To access it, at least in “The Prize,” it was important to create a world separate from the one I navigate daily. Of course, this is counterintuitive to a new movement happening in literature where writers blur fiction and nonfiction, and here I am thinking of Ben Lerner and [Karl Ove] Knausgaard and Rachel Cusk, and those are writers I admire too, though I object to the idea that literature concerned more perhaps with transparency, and less with artifice, is not ultimately fictional. All art is fictional to a certain degree, isn’t it?

What of writing about a male protagonist? We talk a lot about the other in our culture, but your approach seems more about commonalities.

I wanted to create a male protagonist because I was interested in inhabiting and, to a degree, exploring the male psyche. I think this has to do with boredom, with keeping myself engaged in a long project. This novel took five years to write, in the weird way in which I write, diving into short periods of singularity and solitude, and then coming out into the world.

I had in mind that I would write a character who doesn’t fully know himself and witness the way in which his erotic and hidden desires come to the surface when his life suddenly becomes challenging. It’s Freudian, of course, but I believe that most of us act out unconscious wishes even when we believe ourselves to be conscious beings. Perhaps this is what you mean by commonalities?

Part of “The Prize” is about the making of art, and part about the business of art. As a writer and editor, you are involved in both yourself. To what extent does your experience color that set of movements in the book?

This is a fascinating and dangerous question, and I don’t want to think about it too hard as I want to celebrate the mystery a work of fiction must be.

What I mean by this is that any art — whether a poem, a novel, a story, a painting, sculpture, performance art — must to a certain degree remain unknowable, for this unknowability is what keeps the viewer, the reader intrigued. In other words, as I was writing the novel, I became so immersed in Edward and his world that I was not thinking at all about my own world, though of course on a daily basis as an editor I work closely with authors and engage in their process, and I also am fully aware of how books are packaged and promoted and the incongruity at times between art and commerce. I was very careful about navigating this slippery slope.

In short, book publishing is a fascinating and intellectually engaging profession, and I feel privileged to be a part of it and to serve my authors and the company in which I work, but I have no interest in writing about it.

You work on multiple projects at once, and I was hoping you might elaborate on that. How do they inform each other, either in terms of content or sensibility or in a more porous, experiential sense?

When I say “at once,” what I mean is that over a two- or three- or four-year period of time in which writing incubates — a book of poems or a novel, for instance. I am able to shift between the mediums, and I like the way in which they diverge and challenge me as a writer and thinker. What’s interesting about form is what I might discover through it that is not already accessible to me, and I suppose that is ultimately why I write.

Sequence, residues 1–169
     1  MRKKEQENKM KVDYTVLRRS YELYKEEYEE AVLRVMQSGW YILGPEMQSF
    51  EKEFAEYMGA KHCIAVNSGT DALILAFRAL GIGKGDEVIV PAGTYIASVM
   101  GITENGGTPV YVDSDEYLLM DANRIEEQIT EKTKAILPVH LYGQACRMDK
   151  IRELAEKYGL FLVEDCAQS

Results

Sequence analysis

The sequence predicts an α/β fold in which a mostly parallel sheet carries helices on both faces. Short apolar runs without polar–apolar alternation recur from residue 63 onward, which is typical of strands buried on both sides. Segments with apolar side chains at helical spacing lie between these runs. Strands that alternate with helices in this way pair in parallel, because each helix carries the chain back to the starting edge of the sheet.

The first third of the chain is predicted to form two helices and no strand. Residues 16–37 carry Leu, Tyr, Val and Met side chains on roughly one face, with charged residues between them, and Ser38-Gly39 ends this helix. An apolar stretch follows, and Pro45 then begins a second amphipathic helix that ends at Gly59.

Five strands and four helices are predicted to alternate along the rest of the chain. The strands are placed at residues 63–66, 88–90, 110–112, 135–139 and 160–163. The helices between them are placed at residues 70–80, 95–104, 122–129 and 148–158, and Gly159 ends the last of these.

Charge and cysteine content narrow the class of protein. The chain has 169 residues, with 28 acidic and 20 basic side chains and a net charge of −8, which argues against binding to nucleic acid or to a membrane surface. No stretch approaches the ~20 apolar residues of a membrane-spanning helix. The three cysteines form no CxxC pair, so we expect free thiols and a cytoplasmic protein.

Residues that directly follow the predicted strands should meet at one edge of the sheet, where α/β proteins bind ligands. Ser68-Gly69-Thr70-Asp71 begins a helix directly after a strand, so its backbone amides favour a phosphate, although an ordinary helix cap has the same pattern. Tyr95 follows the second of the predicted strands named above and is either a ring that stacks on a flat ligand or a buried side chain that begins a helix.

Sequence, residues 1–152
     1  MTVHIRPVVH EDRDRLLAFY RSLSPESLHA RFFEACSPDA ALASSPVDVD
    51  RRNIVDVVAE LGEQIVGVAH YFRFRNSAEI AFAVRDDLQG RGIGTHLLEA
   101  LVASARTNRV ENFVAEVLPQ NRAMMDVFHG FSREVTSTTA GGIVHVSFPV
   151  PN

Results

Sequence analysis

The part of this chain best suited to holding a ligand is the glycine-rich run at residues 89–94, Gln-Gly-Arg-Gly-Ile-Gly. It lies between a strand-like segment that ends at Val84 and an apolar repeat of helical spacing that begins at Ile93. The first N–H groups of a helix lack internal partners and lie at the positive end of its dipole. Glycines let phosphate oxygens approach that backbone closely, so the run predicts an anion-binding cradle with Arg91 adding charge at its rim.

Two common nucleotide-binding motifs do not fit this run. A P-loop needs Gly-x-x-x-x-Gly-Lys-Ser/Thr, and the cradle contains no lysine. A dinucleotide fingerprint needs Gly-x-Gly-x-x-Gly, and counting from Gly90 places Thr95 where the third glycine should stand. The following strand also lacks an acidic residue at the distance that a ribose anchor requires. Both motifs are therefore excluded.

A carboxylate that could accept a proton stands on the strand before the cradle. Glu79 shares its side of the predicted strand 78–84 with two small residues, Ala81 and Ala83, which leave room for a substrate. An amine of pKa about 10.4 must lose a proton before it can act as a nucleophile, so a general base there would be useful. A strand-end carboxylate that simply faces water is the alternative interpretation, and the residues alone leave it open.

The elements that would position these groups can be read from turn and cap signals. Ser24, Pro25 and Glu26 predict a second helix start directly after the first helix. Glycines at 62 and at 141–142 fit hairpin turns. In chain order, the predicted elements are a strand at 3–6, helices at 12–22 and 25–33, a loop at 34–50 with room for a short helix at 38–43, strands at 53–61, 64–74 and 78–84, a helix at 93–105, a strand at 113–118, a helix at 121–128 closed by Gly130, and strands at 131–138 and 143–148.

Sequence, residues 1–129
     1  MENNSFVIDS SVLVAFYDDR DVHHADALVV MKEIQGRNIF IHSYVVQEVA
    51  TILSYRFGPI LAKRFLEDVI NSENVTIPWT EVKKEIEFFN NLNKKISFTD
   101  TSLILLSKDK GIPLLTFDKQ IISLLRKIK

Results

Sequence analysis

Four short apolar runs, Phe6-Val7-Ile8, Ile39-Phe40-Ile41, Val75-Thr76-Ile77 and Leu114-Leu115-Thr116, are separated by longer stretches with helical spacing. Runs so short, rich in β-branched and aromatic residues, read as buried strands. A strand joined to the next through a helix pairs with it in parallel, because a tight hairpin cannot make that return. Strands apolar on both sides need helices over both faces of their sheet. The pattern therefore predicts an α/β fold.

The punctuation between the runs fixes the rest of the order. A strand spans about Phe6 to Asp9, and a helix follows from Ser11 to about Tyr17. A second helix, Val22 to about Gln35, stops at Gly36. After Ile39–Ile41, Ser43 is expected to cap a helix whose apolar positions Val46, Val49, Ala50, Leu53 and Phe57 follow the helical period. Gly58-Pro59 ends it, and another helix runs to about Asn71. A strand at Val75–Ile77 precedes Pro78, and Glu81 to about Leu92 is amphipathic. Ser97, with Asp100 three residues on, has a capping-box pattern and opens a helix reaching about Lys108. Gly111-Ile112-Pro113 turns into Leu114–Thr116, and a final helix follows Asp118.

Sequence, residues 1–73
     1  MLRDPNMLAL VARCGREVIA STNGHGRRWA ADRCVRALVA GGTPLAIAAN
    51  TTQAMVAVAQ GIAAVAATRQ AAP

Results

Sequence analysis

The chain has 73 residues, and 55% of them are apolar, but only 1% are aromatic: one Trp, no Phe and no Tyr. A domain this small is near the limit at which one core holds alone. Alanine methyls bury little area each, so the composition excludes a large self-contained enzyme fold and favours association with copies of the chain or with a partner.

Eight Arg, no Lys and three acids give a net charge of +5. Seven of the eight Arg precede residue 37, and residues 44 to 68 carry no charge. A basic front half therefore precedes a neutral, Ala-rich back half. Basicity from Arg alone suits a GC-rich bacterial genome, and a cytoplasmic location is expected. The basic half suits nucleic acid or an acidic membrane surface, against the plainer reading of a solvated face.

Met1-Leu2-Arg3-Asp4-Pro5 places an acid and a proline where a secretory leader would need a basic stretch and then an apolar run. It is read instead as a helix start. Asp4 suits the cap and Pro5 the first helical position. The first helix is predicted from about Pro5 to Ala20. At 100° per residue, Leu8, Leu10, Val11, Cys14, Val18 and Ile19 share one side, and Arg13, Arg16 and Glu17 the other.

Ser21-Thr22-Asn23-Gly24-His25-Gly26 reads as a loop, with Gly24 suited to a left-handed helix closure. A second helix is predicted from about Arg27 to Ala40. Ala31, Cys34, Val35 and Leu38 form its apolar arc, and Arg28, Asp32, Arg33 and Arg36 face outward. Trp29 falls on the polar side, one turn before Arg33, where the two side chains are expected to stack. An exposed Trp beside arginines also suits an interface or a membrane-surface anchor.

In the five years in which I wrote “The Prize,” I was also working on a book of poems called “The Players.” I like moving between these forms. Poetry keeps me keenly aware of the precision of language and what it can do, and magic can happen on a small scale and still a powerful poem can be as impactful as a novel. In writing a novel, I am working on a big canvas and keeping a lot of balls in the air. Moving between the two forms allows me room to breathe and ruminate, if that makes any sense.

Among the most resonant aspects of the novel is its deep understanding about the communicative nature of art. This begins with the artist, but it also has to do with bringing the art to market, exposing it to an audience. To what extent does your knowledge of, and participation in, the “making of the sausage” influence what you write about and how?

I have an uncomfortable relationship with “the making of the sausage,” and I love that metaphor! 

I get cranky when I think about the ways the media distorts the public’s sense of what is worthy of attention, and of course both art and literature need to be made known in order to flourish. 

For instance, poetry gets little attention in mainstream media, and then we wonder why the public has an uncomfortable relationship to the form.

By the same token, there are six or seven books each season that suck out all the air in the room, get nominated for all the prizes, and I wish that book editors for newspapers and magazines and journals, and NPR and TV producers would take more risks and not feel as if they have to cover the same five or six or seven books.

Of course, as an editor and a writer, I want the books I edit or write to be among the six or seven sucking out all the energy, and this is what I mean by my uncomfortable relationship with the process!

Finally, though, I do believe that authenticity rises to the surface over time, and I suppose that is why I am so passionate about what I do as an editor and a writer.

Twitter: @davidulin